Code Y8; Year Founded 1995. With a quarter of a century of experience in the motor bus arena, Victor Passaredo establishes this airline subsidiary at Riberao Preto, centered in Sao Paulo State, during the first quarter of 1995. Jose Luiz Felicio is appointed managing director and is provided with 2 “QC” models Embraer EMB-120 Brasilias. These inaugurate scheduled revenue services on July 1, linking the company’s base with Araguan, Belo Horizonte, Curitiba, Golanta, Palmas, and Sao Jose dos Camps. A third Brasilia arrives in late September.

Enplanements for the first half of 1996 total 17,496. The company becomes the first to operate nonstop from Sao Paulo to Vitoria de Con-quista, an agricultural community in the northeastern state of Bahia.

Service continues in 1997. Late in the year, the company leases an Airbus Industrie A310-322 previously operated by Sabena Belgian World Airlines, S. A. The largest aircraft in company history is employed to undertake passenger charters to Natal, Recife, and Forteleza, plus points in the Caribbean.

Service is maintained during the remainder of the decade and the fleet is enhanced by the addition of a third Brasilia.

A total of 150 workers are employed at the beginning of 2000.

PATRICIA AIRWAYS, LTD.: Canada (1928-1929). After a successful two-year run as the moving force behind Patricia Airways and Exploration, Ltd., Capt. Harold A. “Doc” Oaks departs Patricia Airways and Exploration, Ltd. in early 1928 to begin Western Canada Airways, Ltd. Following his departure, Oaks’ former partners reorganize PA&E and in October transfer its headquarters to Sioux Lookout, Ontario. Also in the fall, the Curtiss HS-2L previously operated by the recently defunct Central Canada Airways, Ltd. is purchased.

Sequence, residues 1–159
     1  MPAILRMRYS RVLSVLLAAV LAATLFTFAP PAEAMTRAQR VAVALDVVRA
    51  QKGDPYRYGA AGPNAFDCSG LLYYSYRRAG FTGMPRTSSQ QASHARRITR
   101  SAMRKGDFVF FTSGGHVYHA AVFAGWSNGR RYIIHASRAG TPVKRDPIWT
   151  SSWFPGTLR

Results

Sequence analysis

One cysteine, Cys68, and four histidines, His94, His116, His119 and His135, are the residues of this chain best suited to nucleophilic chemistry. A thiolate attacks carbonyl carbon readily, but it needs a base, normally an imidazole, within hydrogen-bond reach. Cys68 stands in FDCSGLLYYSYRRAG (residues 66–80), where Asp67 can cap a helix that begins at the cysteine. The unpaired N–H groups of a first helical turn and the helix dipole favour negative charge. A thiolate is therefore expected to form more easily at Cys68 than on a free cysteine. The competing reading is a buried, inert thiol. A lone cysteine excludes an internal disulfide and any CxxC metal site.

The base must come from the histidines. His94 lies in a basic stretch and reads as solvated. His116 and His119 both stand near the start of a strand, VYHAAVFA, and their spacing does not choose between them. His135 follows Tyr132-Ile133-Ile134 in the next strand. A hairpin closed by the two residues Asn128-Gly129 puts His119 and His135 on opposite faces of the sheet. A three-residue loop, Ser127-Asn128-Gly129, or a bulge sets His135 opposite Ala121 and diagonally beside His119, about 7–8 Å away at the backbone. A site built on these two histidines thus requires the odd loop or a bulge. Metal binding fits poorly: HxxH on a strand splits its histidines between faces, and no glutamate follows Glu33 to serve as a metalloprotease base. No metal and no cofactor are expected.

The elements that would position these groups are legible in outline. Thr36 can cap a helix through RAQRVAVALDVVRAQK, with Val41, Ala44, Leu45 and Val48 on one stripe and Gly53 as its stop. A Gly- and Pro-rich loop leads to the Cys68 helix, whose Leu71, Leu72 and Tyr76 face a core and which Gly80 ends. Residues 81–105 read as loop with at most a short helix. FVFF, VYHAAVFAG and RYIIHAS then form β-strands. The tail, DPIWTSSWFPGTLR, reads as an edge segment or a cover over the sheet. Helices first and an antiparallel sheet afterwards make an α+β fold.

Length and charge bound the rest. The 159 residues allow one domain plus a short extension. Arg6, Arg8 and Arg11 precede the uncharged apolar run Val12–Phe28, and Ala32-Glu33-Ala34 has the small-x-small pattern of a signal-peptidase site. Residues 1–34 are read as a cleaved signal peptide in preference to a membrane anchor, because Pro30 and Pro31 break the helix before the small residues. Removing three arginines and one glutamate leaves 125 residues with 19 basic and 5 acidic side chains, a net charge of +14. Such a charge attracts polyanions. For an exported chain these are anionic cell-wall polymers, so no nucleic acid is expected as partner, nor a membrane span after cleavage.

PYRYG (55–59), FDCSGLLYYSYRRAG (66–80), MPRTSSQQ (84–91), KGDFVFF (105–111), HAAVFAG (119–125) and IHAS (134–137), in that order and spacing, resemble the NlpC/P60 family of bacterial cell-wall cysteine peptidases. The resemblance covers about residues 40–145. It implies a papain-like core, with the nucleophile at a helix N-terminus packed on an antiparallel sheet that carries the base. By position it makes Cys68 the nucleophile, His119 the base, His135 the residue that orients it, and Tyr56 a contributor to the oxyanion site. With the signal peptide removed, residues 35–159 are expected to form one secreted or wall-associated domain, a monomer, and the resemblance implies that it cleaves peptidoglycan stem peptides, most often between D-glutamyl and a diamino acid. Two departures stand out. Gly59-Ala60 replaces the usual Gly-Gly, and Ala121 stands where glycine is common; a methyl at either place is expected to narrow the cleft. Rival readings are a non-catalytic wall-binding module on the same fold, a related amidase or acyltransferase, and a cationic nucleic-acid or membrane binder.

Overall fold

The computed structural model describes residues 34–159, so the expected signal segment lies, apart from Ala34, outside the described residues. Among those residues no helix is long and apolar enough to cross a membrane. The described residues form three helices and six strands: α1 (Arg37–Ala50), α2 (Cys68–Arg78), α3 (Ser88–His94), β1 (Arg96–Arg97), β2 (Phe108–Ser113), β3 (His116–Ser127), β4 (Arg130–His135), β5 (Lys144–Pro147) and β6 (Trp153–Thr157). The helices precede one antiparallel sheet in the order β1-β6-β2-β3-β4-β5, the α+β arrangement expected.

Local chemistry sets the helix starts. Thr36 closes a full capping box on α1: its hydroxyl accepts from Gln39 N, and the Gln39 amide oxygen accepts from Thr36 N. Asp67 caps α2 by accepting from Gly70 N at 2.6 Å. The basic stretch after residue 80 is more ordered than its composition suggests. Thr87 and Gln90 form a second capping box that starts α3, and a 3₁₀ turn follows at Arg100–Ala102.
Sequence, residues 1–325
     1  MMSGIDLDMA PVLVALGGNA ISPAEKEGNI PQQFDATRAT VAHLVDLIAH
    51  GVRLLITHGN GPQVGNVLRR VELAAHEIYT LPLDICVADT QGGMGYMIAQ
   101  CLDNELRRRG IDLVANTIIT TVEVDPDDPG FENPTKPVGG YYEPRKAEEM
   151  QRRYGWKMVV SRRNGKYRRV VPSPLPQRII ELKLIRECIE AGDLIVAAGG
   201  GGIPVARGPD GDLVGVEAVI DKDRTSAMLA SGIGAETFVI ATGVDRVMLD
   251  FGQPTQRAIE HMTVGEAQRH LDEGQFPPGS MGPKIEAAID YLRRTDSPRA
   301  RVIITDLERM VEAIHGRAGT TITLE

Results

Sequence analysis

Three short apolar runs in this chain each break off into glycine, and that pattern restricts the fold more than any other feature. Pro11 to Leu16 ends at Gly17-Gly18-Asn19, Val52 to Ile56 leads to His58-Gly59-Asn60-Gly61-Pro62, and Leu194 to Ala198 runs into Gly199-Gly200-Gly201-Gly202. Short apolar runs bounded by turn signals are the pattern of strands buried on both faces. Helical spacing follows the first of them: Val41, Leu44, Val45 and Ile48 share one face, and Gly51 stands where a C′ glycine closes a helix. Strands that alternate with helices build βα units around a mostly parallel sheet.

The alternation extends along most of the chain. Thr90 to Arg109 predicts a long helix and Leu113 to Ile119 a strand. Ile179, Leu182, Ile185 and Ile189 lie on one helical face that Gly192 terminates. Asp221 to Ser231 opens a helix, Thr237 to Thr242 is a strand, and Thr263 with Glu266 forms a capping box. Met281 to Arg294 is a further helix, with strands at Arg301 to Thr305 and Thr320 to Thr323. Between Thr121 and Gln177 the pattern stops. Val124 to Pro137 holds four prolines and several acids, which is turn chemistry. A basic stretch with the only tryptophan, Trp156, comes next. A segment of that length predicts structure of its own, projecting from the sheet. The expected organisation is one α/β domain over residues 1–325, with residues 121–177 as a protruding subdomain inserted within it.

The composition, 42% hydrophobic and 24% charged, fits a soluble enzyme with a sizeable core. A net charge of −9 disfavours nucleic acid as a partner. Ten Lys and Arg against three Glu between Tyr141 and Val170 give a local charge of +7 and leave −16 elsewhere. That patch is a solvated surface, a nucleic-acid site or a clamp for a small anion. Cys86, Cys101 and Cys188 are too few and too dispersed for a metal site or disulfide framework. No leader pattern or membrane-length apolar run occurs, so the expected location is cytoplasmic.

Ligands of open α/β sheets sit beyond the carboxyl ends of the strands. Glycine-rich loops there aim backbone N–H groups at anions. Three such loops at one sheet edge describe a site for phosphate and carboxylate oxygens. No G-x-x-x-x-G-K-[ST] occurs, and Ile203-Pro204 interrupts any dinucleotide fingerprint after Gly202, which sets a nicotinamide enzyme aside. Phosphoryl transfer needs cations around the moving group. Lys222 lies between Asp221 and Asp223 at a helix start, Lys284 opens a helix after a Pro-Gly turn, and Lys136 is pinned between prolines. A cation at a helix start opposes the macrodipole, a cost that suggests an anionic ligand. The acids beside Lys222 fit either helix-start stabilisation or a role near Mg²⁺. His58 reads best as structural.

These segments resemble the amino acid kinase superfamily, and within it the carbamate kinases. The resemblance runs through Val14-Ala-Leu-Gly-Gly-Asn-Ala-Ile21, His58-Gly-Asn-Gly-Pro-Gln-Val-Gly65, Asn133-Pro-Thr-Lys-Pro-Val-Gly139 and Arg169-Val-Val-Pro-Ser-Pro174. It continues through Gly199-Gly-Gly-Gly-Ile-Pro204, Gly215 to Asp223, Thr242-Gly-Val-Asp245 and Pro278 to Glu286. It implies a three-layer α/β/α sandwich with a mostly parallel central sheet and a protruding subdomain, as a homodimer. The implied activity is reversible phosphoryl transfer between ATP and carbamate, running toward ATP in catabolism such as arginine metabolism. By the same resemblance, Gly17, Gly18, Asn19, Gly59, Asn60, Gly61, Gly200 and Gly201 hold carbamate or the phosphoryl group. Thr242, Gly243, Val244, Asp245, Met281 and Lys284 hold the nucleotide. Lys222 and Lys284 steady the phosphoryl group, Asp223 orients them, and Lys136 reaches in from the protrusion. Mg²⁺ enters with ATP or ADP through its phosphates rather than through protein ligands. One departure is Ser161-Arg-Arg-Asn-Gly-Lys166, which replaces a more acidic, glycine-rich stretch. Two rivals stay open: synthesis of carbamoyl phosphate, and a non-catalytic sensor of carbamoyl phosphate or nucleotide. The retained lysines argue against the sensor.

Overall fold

Operations continue apace into 1929, during which year the carrier, aircraft, and personnel, are purchased by and absorbed into Canadian Airways, Ltd.

PATRICIA AIRWAYS AND EXPLORATION, LTD.: Canada (1925-1928). Just after the January 1925 collapse of the pioneer Lau-rentide Air Service, Ltd., a pioneer in gold mine air service, a huge new gold strike is made in Ontario’s Red Lake area. A gold rush follows which, had Laurentide been able to hold on, might have provided sufficient revenues for it to continue.